With less than three weeks until Election Day, majorities of Americans are highly critical of President Donald Trump’s handling of both the coronavirus pandemic and his own illness
WASHINGTON — Less than three weeks from Election Day, majorities of Americans are highly critical of President Donald Trump’s handling of both the coronavirus pandemic and his own illness, according to a new poll from The Associated Press-NORC Center for Public Affairs Research.
The survey also shows that few Americans have high levels of trust in the information the White House has released about Trump’s health. Initial accounts of the president’s condition were murky and contradictory, and the White House is still refusing to say when the president last tested negative for COVID-19 before his infection became public.
Trump’s illness and hospitalization has refocused the critical final stretch of the presidential campaign on the pandemic, which has killed more than 216,000 people in the United States this year. Democratic challenger Joe Biden has sought to make the election a referendum on the Republican president’s handling of the virus, arguing that Trump has mismanaged the pandemic and cost Americans lives.
The AP-NORC poll suggests many Americans agree with that sentiment, with 65% saying Trump has not taken the coronavirus outbreak in the U.S. seriously enough. The poll, which was taken a week after Trump disclosed his own COVID-19 diagnosis, also shows that 54% of Americans disapprove with how the White House handled the episode.
The Rev. Joseph Wiseman, a 49-year-old registered Republican and Biden supporter from Wichita, Kansas, is among them. Wiseman said he was turned off by the president’s “cavalier attitude” toward the pandemic and what he saw as Trump’s “disregard for the health and well-being” of people around him who were exposed to the virus at White House events, as well as when the president drove in a vehicle with Secret Service agents to greet supporters during his hospital stay.
Trump spent four days at a military hospital just outside Washington, where he was treated with an aggressive drug regimen. On Sunday, his doctor said he was no longer contagious, and he’s returned to the campaign trail this week, holding rallies in battleground states across the country.
The president was eager to return to campaigning in part to send a message to Americans that they should not allow the virus to consume their lives. It’s a message that has been well-received by some of the president’s supporters.
“I think that from the start to the finish that he came through quite rapidly and he’s back out there,” said Jim Gula, 71, a Republican and Trump supporter from Jacksonville, Florida. “And I think that’s a reflection on the overall people who have come down with a positive test.”
The pandemic upended Trump’s plans to spend 2020 running on a strong economic record, thrusting him instead into the role of a president governing through crisis. He’s repeatedly tried to downplay the impact of the virus, even after his own illness, and has opposed some of the more stringent safety measures recommended by his own administration.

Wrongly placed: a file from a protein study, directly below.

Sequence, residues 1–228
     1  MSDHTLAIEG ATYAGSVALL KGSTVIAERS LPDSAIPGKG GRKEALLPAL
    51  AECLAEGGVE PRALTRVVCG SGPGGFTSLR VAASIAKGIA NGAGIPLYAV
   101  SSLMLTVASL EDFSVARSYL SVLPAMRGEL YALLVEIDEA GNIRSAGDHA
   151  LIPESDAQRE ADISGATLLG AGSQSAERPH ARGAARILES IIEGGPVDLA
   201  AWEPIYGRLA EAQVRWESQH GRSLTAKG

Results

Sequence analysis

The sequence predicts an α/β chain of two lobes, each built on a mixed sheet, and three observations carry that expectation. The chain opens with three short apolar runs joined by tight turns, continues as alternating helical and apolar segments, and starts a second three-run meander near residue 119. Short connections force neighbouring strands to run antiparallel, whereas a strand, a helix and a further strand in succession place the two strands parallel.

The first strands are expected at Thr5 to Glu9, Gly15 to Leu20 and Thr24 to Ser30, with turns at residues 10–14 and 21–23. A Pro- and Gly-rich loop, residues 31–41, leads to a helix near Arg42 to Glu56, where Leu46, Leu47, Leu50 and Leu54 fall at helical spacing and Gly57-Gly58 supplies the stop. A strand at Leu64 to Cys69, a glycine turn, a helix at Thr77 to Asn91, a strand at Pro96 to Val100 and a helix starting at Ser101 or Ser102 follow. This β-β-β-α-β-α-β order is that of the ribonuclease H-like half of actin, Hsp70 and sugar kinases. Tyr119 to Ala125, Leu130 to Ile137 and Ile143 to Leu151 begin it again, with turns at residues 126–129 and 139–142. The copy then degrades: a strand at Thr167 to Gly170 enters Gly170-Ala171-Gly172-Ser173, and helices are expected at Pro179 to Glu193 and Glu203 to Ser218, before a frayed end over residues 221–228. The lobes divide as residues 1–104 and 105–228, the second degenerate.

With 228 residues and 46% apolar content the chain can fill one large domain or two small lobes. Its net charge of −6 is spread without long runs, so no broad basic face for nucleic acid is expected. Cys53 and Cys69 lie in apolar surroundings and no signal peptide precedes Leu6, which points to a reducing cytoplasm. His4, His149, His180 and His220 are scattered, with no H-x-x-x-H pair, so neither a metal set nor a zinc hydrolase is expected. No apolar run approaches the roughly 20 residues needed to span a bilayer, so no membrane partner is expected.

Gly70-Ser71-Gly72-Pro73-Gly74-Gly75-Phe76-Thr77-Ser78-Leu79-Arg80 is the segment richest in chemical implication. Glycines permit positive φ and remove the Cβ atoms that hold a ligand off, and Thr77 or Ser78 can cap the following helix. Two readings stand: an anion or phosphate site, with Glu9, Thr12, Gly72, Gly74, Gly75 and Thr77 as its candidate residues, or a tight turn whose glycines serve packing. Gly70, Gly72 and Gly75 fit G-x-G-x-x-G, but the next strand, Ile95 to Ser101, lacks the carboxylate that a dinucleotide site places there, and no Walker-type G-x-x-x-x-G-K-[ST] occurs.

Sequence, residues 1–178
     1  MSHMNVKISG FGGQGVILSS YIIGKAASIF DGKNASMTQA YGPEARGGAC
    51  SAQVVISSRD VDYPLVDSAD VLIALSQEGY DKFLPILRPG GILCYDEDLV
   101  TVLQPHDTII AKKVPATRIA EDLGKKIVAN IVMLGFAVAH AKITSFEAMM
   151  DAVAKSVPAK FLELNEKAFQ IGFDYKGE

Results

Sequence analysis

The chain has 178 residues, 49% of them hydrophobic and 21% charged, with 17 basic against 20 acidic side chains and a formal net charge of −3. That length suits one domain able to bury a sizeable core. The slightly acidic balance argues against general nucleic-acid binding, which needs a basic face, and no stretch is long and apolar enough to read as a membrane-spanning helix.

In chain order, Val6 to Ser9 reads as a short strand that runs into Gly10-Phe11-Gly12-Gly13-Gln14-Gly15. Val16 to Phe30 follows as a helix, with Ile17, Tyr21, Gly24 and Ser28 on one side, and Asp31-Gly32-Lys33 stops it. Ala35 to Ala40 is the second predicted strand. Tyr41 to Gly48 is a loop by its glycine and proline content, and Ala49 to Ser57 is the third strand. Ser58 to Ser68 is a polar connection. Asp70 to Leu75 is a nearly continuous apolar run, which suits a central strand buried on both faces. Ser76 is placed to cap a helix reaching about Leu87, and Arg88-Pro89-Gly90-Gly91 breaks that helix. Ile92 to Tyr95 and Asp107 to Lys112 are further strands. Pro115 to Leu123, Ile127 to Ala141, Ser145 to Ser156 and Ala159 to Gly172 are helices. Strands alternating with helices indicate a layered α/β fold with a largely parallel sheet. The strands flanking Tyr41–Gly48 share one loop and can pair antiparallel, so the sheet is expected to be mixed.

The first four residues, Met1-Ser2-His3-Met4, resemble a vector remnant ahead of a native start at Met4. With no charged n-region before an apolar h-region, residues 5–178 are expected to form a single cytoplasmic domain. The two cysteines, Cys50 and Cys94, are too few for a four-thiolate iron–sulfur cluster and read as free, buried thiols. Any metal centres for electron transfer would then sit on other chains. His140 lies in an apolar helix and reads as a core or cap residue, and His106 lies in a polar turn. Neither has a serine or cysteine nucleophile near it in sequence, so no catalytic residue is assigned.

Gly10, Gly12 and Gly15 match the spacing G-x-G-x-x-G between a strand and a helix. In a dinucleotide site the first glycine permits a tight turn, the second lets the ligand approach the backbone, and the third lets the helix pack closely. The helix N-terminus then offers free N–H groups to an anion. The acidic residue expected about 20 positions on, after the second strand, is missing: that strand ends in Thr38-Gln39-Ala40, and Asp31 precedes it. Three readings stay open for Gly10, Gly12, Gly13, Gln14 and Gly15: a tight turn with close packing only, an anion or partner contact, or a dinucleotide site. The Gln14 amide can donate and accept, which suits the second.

With early voting already underway in much of the country, national polls show Biden leading Trump by a comfortable margin, though many battleground states remain competitive. The president is spending much of this week campaigning in states that should be comfortable territory for him, including Iowa and Georgia, which hasn’t voted for a Democrat for president since 1992.
The race has remained relatively stable for weeks, with Trump unable to gain significant ground on Biden through his efforts to refocus on a “law and order” message aimed at rallying white suburban voters or through his nomination of Judge Amy Coney Barrett to the Supreme Court seat that opened after the death of Justice Ruth Bader Ginsburg.
According to the poll, which was largely conducted before Barrett’s Senate hearings this week, Americans were divided over her confirmation. Thirty percent favored the confirmation, 35% opposed and 34% said they held neither opinion. Republicans were much more likely to support the confirmation than Democrats.
Trump heads into Election Day with a 39% overall approval rating from Americans, on par with his approval ratings over the course of his presidency. But there are other warning signs for him in the AP-NORC poll.
Seventy-four percent of Americans say the country is heading in the wrong direction, including half of Republicans.
And though the majority of Republicans, 83%, approve of Trump’s overall job performance, fewer, 70%, are supportive of his handling of the pandemic. Republicans also showed some skepticism of the White House’s handling of Trump’s diagnosis, with just half saying they trusted the information provided to the public “a great deal” or “quite a bit.”
The president continues to earn more praise for his handling of the economy: 49% of Americans approve, and 51% disapprove. With unemployment still high and the fate of many businesses uncertain due to the pandemic, 61% of Americans described the nation’s economy as poor.
But about two-thirds of Americans say their personal financial situation is good, which has remained consistent since before the pandemic.
The AP-NORC poll of 1,121 adults was conducted Oct. 8-12 using a sample drawn from NORC’s probability-based AmeriSpeak Panel, which is designed to be representative of the U.S. population. The margin of sampling error for all respondents is plus or minus 4 percentage points.
AP-NORC Center: http://www.apnorc.org/.